import { Carousel } from '../../../../node_modules/react-bootstrap';

const CarouselSlide = (props) => (
 <Carousel.Item active={} animateIn={props.animateIn} animateOut={props.animateOut} direction={props.direction} index={props.index} onAnimateOutEnd={props.onAnimateOutEnd}>
     className="d-block w-100"

export default withSitecoreContext()(CarouselSlide);

The first thing you should notice is the import statement at the top, where we’re bringing in Carousel from the React-Bootstrap library. This is a different syntax from earlier, when we imported it from the CDN. Now we’re importing from the local file structure.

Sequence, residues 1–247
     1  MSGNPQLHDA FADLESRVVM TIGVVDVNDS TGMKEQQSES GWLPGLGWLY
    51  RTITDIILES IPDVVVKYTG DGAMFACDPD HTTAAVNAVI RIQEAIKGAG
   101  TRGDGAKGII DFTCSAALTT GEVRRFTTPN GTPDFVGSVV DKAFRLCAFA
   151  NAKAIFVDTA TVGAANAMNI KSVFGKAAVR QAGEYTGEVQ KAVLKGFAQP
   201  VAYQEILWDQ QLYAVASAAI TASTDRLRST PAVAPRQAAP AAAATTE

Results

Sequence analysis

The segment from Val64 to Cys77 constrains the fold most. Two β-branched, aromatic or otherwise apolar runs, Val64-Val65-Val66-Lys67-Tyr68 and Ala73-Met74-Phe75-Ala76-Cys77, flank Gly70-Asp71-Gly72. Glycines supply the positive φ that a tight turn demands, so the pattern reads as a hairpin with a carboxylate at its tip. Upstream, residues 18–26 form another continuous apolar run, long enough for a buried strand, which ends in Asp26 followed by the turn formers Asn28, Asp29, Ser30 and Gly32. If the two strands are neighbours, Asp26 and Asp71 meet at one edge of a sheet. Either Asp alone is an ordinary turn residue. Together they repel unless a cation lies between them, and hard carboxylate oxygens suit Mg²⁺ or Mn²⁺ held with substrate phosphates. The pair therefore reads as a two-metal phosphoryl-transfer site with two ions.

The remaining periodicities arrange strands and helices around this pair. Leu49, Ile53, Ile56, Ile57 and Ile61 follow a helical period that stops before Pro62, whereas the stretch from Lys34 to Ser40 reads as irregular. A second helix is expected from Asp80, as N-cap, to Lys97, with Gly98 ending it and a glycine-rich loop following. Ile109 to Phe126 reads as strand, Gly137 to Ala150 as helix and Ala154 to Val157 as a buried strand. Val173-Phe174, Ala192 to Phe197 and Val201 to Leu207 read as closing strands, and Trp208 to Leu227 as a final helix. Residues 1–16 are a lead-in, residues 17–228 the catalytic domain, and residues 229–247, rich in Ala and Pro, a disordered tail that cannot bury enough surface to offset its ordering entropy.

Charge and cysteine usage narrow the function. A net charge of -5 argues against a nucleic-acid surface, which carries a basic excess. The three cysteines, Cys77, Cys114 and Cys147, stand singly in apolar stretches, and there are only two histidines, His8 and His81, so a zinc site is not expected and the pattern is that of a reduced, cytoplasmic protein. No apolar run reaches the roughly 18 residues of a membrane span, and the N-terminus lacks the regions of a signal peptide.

The next thing to note is all of the props we’re specifying for the <carousel.item> component. You could technically do this by spreading the props, which would look like this:</carousel.item>

const CarouselSlide = ({...props}) => (
 <Carousel.Item {...props}>

However, this would send ALL of the props, including a bunch of Sitecore-specific stuff that doesn’t need to be passed down to the markup level. You’ll get warning messages in the console. So I’ve specified only the props necessary to make the carousel work (I used the react devtools extension to see which ones those were. Very handy for debugging).

The actual markup/JSX inside the component is the exact same markup we had used to render the “slides” array in the vanilla react example above. However, the significant difference here is that instead of rendering a hard-coded JSON object, we’re rendering field data, which is passed down through props.

Finally, our export statement actually returns our component wrapped inside a Sitecore Context component, which allows for experience editor functionality.